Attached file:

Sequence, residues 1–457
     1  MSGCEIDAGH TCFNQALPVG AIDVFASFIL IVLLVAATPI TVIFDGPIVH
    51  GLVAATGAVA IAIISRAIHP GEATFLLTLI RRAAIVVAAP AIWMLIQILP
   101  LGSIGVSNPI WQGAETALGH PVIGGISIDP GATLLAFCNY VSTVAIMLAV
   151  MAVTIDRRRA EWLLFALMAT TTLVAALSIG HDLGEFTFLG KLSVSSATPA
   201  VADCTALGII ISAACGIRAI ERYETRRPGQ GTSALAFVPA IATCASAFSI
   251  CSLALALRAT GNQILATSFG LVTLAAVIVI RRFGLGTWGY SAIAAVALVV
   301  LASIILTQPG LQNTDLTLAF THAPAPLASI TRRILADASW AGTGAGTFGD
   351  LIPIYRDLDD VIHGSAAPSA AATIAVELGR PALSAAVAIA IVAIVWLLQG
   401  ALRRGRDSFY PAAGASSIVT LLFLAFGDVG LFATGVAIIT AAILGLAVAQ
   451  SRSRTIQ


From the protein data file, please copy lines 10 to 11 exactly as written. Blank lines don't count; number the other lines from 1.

   401  ALRRGRDSFY PAAGASSIVT LLFLAFGDVG LFATGVAIIT AAILGLAVAQ
   451  SRSRTIQ